New Glasgow gastro pub makes hundreds of breakfasts for power crews

Staff at The Thistle, a gastro pub in New Glasgow, N.S., were up early Thursday morning preparing breakfast bags for Nova Scotia Power workers. (Litocha Snell - image credit)
Staff at The Thistle, a gastro pub in New Glasgow, N.S., were up early Thursday morning preparing breakfast bags for Nova Scotia Power workers. (Litocha Snell - image credit)

A New Glasgow, N.S., gastro pub made hundreds of breakfasts this morning for Nova Scotia Power workers who were out repairing lines damaged during post-tropical storm Fiona.

Litocha Snell, owner of The Thistle, said the power company reached out directly with the request.

"They've been working their guts out. They deserve whatever we can give them, whatever support we can give them. It's well deserved," she said.

Snell said between the Wholesaler Club, Walmart and Superstore, they were able to find everything needed to make to-go bags with breakfast sandwiches, hash browns and juice packs.

"I think I had 91 packages of English muffins, we had approximately 30 flats of 30 eggs, 27 packages of bacon. I think we had 20-some packages of hash browns. It was quite a bit. And then we had juice packs as well, 550 juice packs," Snell told CBC's Maritime Noon.

Snell said there were three people in the kitchen and one person out front.

Brett Ruskin/CBC
Brett Ruskin/CBC

"We were kind of running around like chickens with their heads cut off," Snell said.

Should Nova Scotia Power ask again, Snell said they would be willing to do it again.

"Those guys deserve it, they're working long hours," Snell said. "These guys, they're putting in at least 12-hour shifts, you know, sleeping in trucks, some are in hotels, motels just doing what they can."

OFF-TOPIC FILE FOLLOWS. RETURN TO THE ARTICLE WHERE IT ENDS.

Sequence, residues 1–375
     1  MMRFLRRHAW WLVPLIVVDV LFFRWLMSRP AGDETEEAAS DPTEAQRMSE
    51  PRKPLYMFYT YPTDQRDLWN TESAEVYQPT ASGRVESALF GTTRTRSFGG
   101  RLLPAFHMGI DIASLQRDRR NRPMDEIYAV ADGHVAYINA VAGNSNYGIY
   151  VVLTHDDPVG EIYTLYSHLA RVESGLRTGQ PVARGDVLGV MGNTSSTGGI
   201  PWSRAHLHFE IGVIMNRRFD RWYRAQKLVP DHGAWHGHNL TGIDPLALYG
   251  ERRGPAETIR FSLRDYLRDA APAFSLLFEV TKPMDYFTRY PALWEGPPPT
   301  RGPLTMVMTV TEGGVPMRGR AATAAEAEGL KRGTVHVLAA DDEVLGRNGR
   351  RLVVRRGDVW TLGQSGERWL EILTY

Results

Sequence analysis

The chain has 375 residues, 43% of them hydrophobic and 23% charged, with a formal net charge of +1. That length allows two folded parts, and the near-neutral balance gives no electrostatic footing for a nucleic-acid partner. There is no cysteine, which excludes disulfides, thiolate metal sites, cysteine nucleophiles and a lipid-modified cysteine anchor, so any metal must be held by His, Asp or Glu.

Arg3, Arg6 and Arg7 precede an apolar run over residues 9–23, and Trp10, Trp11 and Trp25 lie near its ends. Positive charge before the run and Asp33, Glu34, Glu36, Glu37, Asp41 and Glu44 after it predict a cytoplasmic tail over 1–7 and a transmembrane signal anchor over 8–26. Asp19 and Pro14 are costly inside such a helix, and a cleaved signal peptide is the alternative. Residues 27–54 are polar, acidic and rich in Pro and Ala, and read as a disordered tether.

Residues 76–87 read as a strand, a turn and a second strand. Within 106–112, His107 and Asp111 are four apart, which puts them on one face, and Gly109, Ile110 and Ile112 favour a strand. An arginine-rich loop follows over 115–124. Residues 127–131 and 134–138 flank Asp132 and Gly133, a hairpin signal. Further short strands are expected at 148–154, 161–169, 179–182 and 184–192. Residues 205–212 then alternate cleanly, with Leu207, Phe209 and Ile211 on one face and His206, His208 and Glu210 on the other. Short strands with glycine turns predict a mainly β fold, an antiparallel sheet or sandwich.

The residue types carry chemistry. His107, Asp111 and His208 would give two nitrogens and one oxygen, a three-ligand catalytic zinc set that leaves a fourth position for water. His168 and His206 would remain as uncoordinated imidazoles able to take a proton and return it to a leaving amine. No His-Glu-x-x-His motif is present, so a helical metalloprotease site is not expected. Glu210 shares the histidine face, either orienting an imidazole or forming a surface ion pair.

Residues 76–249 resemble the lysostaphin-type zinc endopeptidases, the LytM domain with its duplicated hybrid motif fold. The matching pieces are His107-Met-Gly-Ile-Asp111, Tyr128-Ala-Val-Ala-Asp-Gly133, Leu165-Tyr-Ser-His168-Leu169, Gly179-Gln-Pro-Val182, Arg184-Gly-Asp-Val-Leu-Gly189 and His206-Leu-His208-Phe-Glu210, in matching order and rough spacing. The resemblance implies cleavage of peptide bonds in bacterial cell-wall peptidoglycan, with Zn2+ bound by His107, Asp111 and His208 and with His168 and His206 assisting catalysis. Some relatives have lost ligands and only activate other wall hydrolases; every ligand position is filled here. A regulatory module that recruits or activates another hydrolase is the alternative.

Nova Scotia officials provided an updated on post-tropical storm Fiona efforts on Thursday, Sept. 29.

Six days out from post-tropical storm Fiona, efforts are still focused on clearing trees and restoring power, officials said during the final live briefing on restoration efforts on Thursday.

Although it's the last live briefing, officials said they would continue to provide updates on social media.

"Over 1,500 people now are responding now in the field and even more behind the scenes," said Nova Scotia Power's storm lead Matt Drover.

Drover said there are no plans to review adding more underground lines, but he said the company is always looking at opportunities at adding them where it makes sense.

He said most people would be reconnected by Friday, but when asked when the whole province would officially be reconnected, Drover wouldn't give an exact date.

"As soon as we have a really good estimate, we'll be updating our outage maps where people can understand when their restoration time is," he said.

Canadian Red Cross next step

Dan Bedell, communications director with the Canadian Red Cross's Atlantic division, said the next phase of its operation is financial support.

This week, the province announced $1,000 per household in emergency funding for people who were ordered out of their home and couldn't return. To get the money, people can register with the Canadian Red Cross.

"A lot of the people who were the hardest hit ... may not be aware these programs exist yet and even if they do they may not have a means to do so ... we will assist them in the same way as they're able to register," Bedell said, adding he hoped to have the money in bank accounts by Monday.

Jason Mew, director of the incident management division at the Nova Scotia Emergency Management Office, said the fuel sector is starting to recover. He said there are several gas stations will without power but "they're still a priority."

The province announced Thursday morning applications are open for financial support for Nova Scotians affected by Fiona.

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